For an 8′ wide door opening, I chose a double 2×10 laminated header to minimize any chances of sagging. “Beefy” for sure but it added even more weight to the upper gambrel end wall. Now, how was I going to lift this monster into place?


My tractor to the rescue!…..along with two friends. We replaced the front bucket with pallet forks, slid the forks through the vent openings, then lifted and “walked” the gambrel end wall upside-down from where it was constructed to the shed (about 30’).


Lifting the upper gambrel end onto the far-end wall allowed me to drive the tractor forward into the shed. The end wall was lifted in to place with the truss “wings” resting on top of the double top-plate of the side walls. Then with 2 more helpers (now a total of 4 guys), we swung the gambrel end wall in to place using 2×4 “crutches” and secured it. We repeated this feat with the other upper gambrel end wall but this time I had to back the tractor (in reverse) into the shed so that the upper gambrel end wall was the last to enter. A bit tricky! Once all the walls were in-position, the remaining tasks were much less complicated (and nowhere near as heavy), except for maybe the double entry doors.






Included in the framing plan was my insistence on a crows beak. I remember seeing them on old barns growing up in Indiana and knew I wanted one on my barn, even if it were only decorative. The crows beak required cutting compound miters….definitely tricky! I believe making compound mitres was where the term “head-scratcher” originated.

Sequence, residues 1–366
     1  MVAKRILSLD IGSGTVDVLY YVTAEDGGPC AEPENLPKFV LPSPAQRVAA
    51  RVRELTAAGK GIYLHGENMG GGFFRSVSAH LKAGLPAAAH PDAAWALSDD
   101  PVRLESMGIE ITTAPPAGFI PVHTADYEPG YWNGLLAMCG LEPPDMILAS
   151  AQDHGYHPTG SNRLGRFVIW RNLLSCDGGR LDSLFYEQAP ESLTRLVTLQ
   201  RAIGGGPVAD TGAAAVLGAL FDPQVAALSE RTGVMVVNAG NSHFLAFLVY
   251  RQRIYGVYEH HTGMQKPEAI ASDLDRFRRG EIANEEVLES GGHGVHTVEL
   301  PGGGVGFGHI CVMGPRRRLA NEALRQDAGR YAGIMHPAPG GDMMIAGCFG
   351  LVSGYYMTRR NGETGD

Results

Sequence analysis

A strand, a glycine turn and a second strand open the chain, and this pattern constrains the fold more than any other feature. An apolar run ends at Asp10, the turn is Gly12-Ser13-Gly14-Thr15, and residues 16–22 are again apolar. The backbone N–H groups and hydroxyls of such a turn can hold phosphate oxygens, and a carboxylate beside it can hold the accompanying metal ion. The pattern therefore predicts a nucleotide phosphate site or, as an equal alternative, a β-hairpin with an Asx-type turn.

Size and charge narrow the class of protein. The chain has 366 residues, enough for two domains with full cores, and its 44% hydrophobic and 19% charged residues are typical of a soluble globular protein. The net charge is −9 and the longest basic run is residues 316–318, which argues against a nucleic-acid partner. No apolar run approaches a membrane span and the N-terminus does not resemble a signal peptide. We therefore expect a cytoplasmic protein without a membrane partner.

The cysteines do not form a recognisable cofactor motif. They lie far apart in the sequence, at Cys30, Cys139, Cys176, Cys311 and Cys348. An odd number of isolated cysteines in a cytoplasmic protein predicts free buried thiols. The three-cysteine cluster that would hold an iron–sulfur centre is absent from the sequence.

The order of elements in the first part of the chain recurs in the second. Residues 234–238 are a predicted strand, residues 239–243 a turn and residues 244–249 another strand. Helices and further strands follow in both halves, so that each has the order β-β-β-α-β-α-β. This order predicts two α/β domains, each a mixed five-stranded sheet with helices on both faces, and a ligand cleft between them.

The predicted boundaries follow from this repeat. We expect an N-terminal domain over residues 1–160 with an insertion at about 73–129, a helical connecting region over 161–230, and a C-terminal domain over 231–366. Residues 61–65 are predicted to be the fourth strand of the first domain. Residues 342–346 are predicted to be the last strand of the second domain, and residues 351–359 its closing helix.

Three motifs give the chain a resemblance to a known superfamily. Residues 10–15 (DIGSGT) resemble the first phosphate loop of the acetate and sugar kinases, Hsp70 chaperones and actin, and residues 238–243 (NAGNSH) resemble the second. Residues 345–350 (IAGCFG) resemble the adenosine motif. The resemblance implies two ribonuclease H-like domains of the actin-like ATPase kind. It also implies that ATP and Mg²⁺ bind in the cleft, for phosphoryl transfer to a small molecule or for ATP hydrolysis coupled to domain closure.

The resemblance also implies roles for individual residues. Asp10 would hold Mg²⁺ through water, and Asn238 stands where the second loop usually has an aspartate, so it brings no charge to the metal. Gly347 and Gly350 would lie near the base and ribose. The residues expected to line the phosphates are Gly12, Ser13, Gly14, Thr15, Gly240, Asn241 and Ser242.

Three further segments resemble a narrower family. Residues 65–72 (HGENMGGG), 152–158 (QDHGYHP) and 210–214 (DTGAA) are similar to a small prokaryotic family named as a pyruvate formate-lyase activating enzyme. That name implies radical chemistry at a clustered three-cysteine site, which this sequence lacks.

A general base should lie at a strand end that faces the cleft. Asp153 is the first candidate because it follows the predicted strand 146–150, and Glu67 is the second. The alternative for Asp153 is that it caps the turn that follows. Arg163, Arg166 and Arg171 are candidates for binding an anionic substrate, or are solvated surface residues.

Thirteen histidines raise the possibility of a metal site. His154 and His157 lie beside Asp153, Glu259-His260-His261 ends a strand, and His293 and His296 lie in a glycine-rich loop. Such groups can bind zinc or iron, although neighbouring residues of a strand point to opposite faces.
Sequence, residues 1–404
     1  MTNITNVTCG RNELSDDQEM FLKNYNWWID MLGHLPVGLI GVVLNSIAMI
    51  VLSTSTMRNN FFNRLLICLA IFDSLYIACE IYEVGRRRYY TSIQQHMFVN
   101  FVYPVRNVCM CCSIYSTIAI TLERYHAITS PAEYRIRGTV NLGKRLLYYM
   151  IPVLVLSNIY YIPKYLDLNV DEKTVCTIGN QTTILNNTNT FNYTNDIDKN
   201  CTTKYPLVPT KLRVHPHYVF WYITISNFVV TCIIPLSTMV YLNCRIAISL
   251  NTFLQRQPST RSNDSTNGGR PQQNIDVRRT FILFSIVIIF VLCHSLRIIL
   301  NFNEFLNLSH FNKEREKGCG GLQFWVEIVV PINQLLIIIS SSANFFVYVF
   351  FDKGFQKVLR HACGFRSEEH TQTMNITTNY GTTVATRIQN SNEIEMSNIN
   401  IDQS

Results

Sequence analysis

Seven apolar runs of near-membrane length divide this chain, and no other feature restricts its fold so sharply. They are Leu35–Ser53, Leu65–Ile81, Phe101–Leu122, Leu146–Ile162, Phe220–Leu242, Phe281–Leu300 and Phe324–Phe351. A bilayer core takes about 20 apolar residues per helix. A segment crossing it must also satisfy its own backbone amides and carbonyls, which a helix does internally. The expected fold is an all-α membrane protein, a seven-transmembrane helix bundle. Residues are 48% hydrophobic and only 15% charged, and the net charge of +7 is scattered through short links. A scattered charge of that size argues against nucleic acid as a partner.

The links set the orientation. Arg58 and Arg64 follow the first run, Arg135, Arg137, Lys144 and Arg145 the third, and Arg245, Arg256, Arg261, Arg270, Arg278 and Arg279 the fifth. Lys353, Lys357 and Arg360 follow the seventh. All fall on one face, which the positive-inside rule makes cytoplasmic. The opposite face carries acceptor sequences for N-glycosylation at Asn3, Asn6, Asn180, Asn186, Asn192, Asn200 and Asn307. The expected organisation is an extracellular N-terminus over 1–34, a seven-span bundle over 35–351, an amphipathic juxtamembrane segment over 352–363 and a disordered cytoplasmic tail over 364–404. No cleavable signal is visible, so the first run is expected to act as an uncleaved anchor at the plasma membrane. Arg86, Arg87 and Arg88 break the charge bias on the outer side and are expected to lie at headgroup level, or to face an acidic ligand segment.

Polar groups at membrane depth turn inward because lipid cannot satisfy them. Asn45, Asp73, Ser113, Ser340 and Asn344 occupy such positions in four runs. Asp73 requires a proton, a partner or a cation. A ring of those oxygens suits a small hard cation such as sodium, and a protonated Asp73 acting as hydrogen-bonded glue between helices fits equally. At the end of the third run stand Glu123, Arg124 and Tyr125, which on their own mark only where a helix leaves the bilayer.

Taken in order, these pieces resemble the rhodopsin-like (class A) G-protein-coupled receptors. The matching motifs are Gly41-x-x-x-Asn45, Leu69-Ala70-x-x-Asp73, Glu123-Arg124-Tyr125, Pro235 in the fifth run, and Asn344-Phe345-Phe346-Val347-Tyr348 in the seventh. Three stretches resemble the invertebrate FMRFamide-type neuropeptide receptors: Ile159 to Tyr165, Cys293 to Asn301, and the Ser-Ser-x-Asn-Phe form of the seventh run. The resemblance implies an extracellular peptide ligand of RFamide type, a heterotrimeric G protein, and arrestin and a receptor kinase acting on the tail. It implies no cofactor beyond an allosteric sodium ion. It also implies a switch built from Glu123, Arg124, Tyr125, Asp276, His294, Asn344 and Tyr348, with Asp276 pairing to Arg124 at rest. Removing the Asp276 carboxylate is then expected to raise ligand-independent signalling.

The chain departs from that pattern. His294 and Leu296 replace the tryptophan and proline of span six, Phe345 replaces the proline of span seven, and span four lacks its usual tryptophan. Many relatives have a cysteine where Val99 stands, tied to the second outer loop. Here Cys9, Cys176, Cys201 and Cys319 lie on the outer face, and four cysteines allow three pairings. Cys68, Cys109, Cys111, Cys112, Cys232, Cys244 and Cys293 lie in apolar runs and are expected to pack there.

crows-beak-framingAs suggested in the plans, I fabricated the crows beak frame on the ground and test-fitted it against one of the gambrel end walls that was laid-out.

Lots of trial-n-error cuts were required as I “nudged” my way to the exact compound angle cut. Unless you’re looking for more exercise than this project already provides, I’d suggest positioning the saw as close to the work area as possible. Perhaps a journeyman carpenter could have avoided the numerous back-n-forth trips from saw-to-wall but I didn’t.

Using a rope laced over the flying rafter (the truss on the outside of the structure), I hoisted the crows beak to its approximate position, then tied-off the rope. Placing a 2×12 plank over the side walls and against the gambrel end wall, I climbed onto the roof framing and screwed the crows beak into place. It fit like a “glove”. Perfect! I hollered an excited “YES” from atop by barn roof for everyone (or no one) to hear! After all, my nearest neighbor lives a mile away. It didn’t matter that the joint between the crows beak and the flying rafter was as perfect as a picture frame. Nobody was ever going to see it….except me. And knowing it was perfect, made my day!